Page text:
Diu is an ex-portugese island not too far off from India. Maybe a mile or two away. Nature here is just exquisite. Bright green plantation everywhere, lots and lots of palm trees, clean air (for India), and not alot of pollution. Its just alittle run down island that makes me never want to live or an ideal place to seek out retirement in the future. The weather is warm, even when the sun is behind the clouds. When the sun is out, it gets quite hot. The weather combined with the beaches reminds me of home, I love it. Besdies the beaches, there are alot of churches here which has became my second favorite sight to see here in Diu (other than the beach). The churches along with alot of the buildings here, look like they havnt changed since the island was under portugese rule. The paint is peeling, faded, dirt is caked on the walls, and the any fixtures are cracked and broken, all contributing to the look of immense history behind each building.
I am staying at the cheapest place I could find in Diu, and its a 3 minute walk to the shore. If you listen closely you can hear the waves crashing on the shore from my atrium area. The room is decent, for India that is. Im stoked I have my own squat toilet, it might not be the cleanest but Im stoked on it. Ive grown to prefer these toilets than western toilets. I am paying peanuts here, and it helps me stay on my daily budget. It has a great location, so this place a diamond in the ruff to me. Each morning after breakfast, I go use the internet (at the fastest and reliable computer in India so far!) and I think part of the reason I kept coming here was the food for my eyes on the way. I have to walk about 5 to 10 minutes through a neighborhood where the alleys are filled with old beautiful houses. Beautiful in the sense that they, like the churches, and other buildings here, havnt changed for years. Everything is run down, but not in a eerie deserted horror movie kinda way. Women sit on their stoops and smile at me as I walk by. Children play in the street and swarm me with smiles and questions. Children even at nearby houses on balconies, will scream down to me, "Hello" waving their hands like I was the president.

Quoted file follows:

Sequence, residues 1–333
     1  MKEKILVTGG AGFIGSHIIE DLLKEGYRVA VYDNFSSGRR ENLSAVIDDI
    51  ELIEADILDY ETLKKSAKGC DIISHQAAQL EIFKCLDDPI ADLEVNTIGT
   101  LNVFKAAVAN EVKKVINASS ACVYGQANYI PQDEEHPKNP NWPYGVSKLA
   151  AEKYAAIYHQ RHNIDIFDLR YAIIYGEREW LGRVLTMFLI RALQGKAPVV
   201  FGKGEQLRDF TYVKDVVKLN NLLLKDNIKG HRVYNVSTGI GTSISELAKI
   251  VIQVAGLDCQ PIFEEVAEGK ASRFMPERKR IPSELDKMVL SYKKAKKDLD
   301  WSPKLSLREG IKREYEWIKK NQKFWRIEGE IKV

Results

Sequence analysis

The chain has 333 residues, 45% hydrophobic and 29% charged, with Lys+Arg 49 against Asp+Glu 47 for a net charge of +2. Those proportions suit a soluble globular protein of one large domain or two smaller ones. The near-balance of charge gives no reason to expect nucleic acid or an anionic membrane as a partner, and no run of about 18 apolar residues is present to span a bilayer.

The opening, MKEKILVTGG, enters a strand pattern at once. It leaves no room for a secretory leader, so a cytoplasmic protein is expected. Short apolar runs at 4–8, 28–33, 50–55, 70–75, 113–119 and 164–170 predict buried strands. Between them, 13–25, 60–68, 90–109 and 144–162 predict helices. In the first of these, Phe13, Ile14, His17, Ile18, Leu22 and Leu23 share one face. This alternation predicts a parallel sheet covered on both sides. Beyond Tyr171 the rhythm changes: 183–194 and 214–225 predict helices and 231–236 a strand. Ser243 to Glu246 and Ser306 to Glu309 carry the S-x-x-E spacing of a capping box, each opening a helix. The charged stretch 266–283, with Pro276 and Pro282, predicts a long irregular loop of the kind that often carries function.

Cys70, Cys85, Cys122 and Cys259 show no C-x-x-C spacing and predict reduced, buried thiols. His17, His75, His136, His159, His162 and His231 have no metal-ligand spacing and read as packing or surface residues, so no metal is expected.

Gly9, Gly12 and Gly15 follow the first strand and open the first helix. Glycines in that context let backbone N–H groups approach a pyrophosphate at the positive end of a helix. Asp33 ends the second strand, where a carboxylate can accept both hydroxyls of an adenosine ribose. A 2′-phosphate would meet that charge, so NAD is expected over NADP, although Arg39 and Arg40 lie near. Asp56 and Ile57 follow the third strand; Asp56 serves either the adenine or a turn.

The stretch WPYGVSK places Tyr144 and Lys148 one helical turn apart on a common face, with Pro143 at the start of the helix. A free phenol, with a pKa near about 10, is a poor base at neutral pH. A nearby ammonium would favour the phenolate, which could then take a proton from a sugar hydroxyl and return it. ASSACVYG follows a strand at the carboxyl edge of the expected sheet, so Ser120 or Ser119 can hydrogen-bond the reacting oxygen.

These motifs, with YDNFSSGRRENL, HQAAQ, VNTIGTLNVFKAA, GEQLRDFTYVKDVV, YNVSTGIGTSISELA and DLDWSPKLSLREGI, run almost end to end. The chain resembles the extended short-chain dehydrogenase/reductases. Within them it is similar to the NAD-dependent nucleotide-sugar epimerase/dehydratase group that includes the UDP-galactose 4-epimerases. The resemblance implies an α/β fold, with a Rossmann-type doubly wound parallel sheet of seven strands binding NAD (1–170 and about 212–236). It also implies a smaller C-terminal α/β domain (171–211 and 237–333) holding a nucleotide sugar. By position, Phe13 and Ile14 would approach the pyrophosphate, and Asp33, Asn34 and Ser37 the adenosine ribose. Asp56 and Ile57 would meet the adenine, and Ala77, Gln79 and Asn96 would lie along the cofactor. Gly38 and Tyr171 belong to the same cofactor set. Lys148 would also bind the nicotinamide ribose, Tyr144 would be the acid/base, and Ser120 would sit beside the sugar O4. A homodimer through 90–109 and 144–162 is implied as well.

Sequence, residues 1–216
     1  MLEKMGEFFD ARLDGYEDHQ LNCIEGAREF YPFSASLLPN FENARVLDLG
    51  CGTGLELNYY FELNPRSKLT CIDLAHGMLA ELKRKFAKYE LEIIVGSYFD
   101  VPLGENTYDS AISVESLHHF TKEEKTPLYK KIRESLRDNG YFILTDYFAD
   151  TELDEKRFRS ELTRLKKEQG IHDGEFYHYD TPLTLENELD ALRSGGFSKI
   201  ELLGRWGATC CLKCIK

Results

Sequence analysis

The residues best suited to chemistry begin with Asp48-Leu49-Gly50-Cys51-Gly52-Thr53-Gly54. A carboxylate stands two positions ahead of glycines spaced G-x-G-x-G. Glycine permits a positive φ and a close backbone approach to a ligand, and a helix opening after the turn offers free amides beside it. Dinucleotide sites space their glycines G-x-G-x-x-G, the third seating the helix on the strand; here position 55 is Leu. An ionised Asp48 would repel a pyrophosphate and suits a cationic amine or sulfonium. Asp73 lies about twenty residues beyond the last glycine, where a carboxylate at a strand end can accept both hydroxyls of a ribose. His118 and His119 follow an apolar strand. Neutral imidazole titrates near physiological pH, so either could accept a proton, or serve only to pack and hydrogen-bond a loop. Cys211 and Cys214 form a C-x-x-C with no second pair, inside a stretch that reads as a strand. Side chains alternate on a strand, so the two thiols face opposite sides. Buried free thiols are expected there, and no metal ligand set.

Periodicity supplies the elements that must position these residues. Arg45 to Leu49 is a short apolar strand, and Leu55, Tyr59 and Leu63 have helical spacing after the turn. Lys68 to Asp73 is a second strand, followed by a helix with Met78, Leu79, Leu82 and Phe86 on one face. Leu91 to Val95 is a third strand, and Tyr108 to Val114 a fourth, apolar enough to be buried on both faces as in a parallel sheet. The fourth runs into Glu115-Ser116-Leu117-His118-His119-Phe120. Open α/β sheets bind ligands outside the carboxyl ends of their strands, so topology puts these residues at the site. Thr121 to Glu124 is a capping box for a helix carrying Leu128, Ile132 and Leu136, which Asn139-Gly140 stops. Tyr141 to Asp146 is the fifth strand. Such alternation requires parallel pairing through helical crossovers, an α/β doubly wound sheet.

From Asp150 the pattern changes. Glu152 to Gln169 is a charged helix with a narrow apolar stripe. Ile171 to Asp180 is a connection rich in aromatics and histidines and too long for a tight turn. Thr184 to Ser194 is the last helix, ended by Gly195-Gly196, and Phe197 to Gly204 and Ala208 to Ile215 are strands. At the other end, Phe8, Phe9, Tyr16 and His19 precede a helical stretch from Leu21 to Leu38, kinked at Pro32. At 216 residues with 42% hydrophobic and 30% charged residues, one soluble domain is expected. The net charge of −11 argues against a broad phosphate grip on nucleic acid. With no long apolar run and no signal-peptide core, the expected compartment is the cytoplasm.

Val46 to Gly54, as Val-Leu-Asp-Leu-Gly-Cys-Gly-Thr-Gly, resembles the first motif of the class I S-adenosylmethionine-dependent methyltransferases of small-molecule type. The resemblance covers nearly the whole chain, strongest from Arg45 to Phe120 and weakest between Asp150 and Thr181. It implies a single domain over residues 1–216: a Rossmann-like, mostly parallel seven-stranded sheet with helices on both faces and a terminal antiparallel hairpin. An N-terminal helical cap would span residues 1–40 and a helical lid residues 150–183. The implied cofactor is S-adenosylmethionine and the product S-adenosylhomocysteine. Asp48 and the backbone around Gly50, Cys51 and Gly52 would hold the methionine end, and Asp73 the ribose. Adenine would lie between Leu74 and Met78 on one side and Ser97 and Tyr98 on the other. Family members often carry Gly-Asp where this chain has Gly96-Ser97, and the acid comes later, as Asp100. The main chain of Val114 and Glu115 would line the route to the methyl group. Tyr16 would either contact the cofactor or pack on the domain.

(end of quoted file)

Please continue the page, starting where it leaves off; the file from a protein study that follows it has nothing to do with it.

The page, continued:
Every other night there is a all you can eat BBQ at a nearby hotel. Its quite costly but for how many plates I am gorging my face with, I surely make it worth every rupee. Its a great place to meet other travellers too which make it a plus. The food here in Diu is interesting. Being a island, naturally there is alot of seafood. Practicly in the every dish. So much for not eating meat in India...Everything has some sort of seafood in it which is interesting because they have indian dishes but instead of a tomato, and potato curry dish, you have tomato, potato cury dish with prawns.
Everyday I found myself being a bum at the local beaches. Here is where I took my daily shower which consisted of stripping to my underwear and swiming around in the ocean and wind drying. I literally smell like a bum and at times look like one. I often would walk a few miles into town, buy a bunch of fresh fruit, and walk a few miles back to one of the beaches and pig out on fresh fruit. So good on a hot day. I love fruit, being in India eating dishes with ALOT of spices, I have craved certain foods more and more. One being sweets, the other being fruit. I spent the majority of my days here in Diu on the beaches, devouring the islands fresh fruit, reading, and swimming in my underwear. I love it. I get to the shore, set off my backpack on the ground, take off my clothes, and run and jump in the water. So refreshing. Which brings me to my next point, there is NO bookstore here. That is blasphemous! As a result I have re-read the books I just read and cant wait til I am in Delhi so I can buy a few new books.
Ive met alot of different travellers here. I met a older couple probably in their mid fifies from Germany. We took the bus here together, and they are staying at the same hotel as I am. On my whole time here, I never saw them together. They were always seperate when I was out and about. Thats so interesting, and not at all in a bad way. One afternoon I was eating lunch and I ran into the German man ( I cant remember his name) and we started talking small talk about our trips and where we have been and where we would head to next.
"I dont know if you are into any spiritual stuff but there are quite a few sights you should check out in the south while you are there"
"Yeah thats the main reason I came to India.."
"Oh well in that case, get out your guide book!"